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Tuesday, October 13, 2015

Gretel of Gesternstadt (Yes, that Gretel) in the Brothers Grimm Mysteries, P.J. Brackston

Once Upon a Crime: A Brothers Grimm Mystery            

Once upon a Crime and The Case of the Fickle Mermaid,
Brothers Grimm Mysteries, P.J. Brackston

Ever wonder what happened to Hansel and Gretel after they escaped the witch?  Well, actually me neither.  But if I had known she was going to become this delightfully witty maven of mysteries, I would have paid more attention.

I know there is a veritable glut of fairy tale fiction out there – retold, re-imagined, revamped and "de-sanitized" – but I can never resist giving the next one a look.  So when I saw an ARC on offer I had to jump.  Not only jump, but I also grabbed one at the library while I was waiting for the ARC request to be approved.  [Yeah, like that!]  Turns out the author, one P. J. (Paula) Brackston, also writes a more serious fantasy line of stand-alone novels involving
witches.  These look gorgeous, but I can’t say what they are like on the inside.  I did not even peek.  Nope.  I'm all about self-control.

As for the fairy tale revamp at hand, I grabbed the first (second?) book, Once upon a Crime: A Brothers Grimm Mystery, and I loved it from first glance.  I know we're not supposed to do it, but I started right off judging the book by its mysterious yet simple and humorous cover.  I haven’t read the second (or is it the first? the timing seems confused), but I did read the ARC of the third, The Case of the Fickle Mermaid, and I can’t believe I wouldn’t want to read any others Ms. Brackston decided to write. 

In briefGretel is …  no longer a child (alright, she's 35!), zaftig, a word I think she would approve, and she loves her comforts, working always to keep herself in the newest beauty treatments and best foods that can be shipped into her very provincial 18th-Century Bavarian home town of Gesternstadt.  Hans(el) is … much to Gretel’s dismay – except when he is cooking delicious meals for her – still living with Gretel and spending his time (and her money) on cards and ale.  As much as she despairs of the very “twee-ness” of Gesternstadt, Hans fits it like he fits his holiday lederhosen:  tight!

Gretel is the star of the show – natch! – and her salty attitude keeps it rolling.  From the opening of Once upon a Crime when she despairs of the very quaintness of her village, I knew she had the kind of crankiness I could really bond with.  The writing is definitely quick and lively, too, and there are numerous examples.  One that comes readily to mind is when Gretel and Hansel are faced with three villains.  After noting each of their defining and repulsive characteristics, Gretel begins to think of them as Pustule, Mold and Cat’s Tongue, in turn, and, altogether, as The Brothers Grime.  

The last [man] was short and wide, and seemed to wobble as he walked, as if it was only his filthy clothing that held him together, while he himself was made up of a material altogether unwholesome and decidedly unattractive.  Aged milk curds, perhaps. Or semolina.  With a thick crust of thick furry, green-blue mold. (p130)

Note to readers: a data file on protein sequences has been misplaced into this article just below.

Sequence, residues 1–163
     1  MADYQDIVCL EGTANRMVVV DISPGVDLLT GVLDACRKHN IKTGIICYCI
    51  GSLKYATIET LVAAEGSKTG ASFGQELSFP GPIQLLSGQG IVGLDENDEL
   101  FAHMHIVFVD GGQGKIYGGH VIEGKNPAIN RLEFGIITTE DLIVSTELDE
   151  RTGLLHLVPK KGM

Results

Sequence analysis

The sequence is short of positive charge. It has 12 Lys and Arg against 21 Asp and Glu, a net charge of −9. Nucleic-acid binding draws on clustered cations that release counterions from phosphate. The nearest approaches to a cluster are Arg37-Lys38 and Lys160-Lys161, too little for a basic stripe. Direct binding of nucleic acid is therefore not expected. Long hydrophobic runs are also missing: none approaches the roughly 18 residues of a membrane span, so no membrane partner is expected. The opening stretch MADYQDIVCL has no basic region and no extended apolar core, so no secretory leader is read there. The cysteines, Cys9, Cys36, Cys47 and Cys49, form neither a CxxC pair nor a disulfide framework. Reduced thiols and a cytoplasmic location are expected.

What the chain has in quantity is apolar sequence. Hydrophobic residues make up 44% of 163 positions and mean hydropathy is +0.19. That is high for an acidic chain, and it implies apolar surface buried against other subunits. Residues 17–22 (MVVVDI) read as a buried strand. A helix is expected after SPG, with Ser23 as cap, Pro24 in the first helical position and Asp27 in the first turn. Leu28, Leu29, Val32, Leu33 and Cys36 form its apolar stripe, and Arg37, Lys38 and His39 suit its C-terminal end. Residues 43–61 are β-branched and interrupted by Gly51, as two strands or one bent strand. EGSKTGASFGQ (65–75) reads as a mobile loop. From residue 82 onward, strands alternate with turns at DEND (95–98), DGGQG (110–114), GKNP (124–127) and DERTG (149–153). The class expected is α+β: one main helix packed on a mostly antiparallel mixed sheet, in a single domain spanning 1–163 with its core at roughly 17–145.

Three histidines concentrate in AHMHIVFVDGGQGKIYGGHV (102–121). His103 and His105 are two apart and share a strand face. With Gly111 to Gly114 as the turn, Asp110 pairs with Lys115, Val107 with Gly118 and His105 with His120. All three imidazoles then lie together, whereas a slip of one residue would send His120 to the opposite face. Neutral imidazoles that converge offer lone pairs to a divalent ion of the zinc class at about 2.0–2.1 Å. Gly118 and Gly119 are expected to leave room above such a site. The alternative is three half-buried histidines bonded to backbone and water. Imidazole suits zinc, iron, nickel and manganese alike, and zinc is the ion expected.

“Did Hoffman send you?” Pustule demanded, pushing his sibling out of the way so that he might thrust his unlovely visage at Gretel. This was, she decided, an unfortunate technique for conducting a conversation, for close up his appearance was so distracting, it was difficult to remain engrossed in the subject being discussed. (p132-33)

After the witty language, I think what I like best about these books is that, despite the main character being a most famous fairy tale personage and involving a succession of fantastical creatures – troll, giant, mermaid, etc. – Ms. Brackston does not attempt to push the stories into some tortured form that involves every character you ever heard of in a fairy tale.  Ugh. Enough of that.

What makes it fun is that she allows her very strong-minded Gretel the run of the stage.  We know Gretel and we can identify with her:  She wants her comforts and she likes to keep fashionable, but she’s also getting the job done in the face of a lot of large and small obstacles – a bumbling brother, wigs overboard, random dead bodies – and she also struggles with the fact that the man she wouldn’t mind impressing (ahem!) always seems to see her at her worst.  I mean, who among us hasn’t shown up somewhere important with mismatched shoes or a soggy mer-hund at her heels?  Right?

I think these books can be properly termed “romps.”  They are a little rowdy, involve some solid mystery action, and I have laughed out loud more than a little.  Life with Gretel (yes, that Gretel) is no average fairy tale (thank goodness!), and it’s a great break from the ordinary to tear around Bavaria with her and have some fun.  

An excellent Feet-Up-I-Don't-Want-To-Work-Too-Hard-Amuse-Me evening read.  That's a thing, right?

Buy "Once Upon a Crime"

                          Buy "The Case of the Fickle Mermaid"                                          

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